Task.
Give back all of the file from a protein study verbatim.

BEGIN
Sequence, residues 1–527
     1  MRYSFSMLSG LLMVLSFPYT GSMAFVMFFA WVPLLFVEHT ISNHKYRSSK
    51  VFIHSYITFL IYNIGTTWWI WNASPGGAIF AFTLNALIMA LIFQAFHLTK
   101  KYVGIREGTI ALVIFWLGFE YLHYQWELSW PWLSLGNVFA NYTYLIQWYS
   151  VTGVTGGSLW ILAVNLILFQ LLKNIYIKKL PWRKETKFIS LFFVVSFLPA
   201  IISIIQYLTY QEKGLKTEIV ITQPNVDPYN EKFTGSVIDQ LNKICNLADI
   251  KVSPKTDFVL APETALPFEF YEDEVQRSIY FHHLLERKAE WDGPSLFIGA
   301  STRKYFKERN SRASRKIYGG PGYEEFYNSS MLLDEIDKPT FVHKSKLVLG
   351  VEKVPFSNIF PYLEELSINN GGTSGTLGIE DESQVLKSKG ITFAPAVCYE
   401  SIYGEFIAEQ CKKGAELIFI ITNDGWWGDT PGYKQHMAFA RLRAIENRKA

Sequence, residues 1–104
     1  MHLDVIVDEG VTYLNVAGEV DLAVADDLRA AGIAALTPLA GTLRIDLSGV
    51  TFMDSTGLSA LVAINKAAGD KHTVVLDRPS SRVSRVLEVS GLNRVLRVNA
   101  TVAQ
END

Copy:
Sequence, residues 1–527
     1  MRYSFSMLSG LLMVLSFPYT GSMAFVMFFA WVPLLFVEHT ISNHKYRSSK
    51  VFIHSYITFL IYNIGTTWWI WNASPGGAIF AFTLNALIMA LIFQAFHLTK
   101  KYVGIREGTI ALVIFWLGFE YLHYQWELSW PWLSLGNVFA NYTYLIQWYS
   151  VTGVTGGSLW ILAVNLILFQ LLKNIYIKKL PWRKETKFIS LFFVVSFLPA
   201  IISIIQYLTY QEKGLKTEIV ITQPNVDPYN EKFTGSVIDQ LNKICNLADI
   251  KVSPKTDFVL APETALPFEF YEDEVQRSIY FHHLLERKAE WDGPSLFIGA
   301  STRKYFKERN SRASRKIYGG PGYEEFYNSS MLLDEIDKPT FVHKSKLVLG
   351  VEKVPFSNIF PYLEELSINN GGTSGTLGIE DESQVLKSKG ITFAPAVCYE
   401  SIYGEFIAEQ CKKGAELIFI ITNDGWWGDT PGYKQHMAFA RLRAIENRKA

Sequence, residues 1–104
     1  MHLDVIVDEG VTYLNVAGEV DLAVADDLRA AGIAALTPLA GTLRIDLSGV
    51  TFMDSTGLSA LVAINKAAGD KHTVVLDRPS SRVSRVLEVS GLNRVLRVNA
   101  TVAQ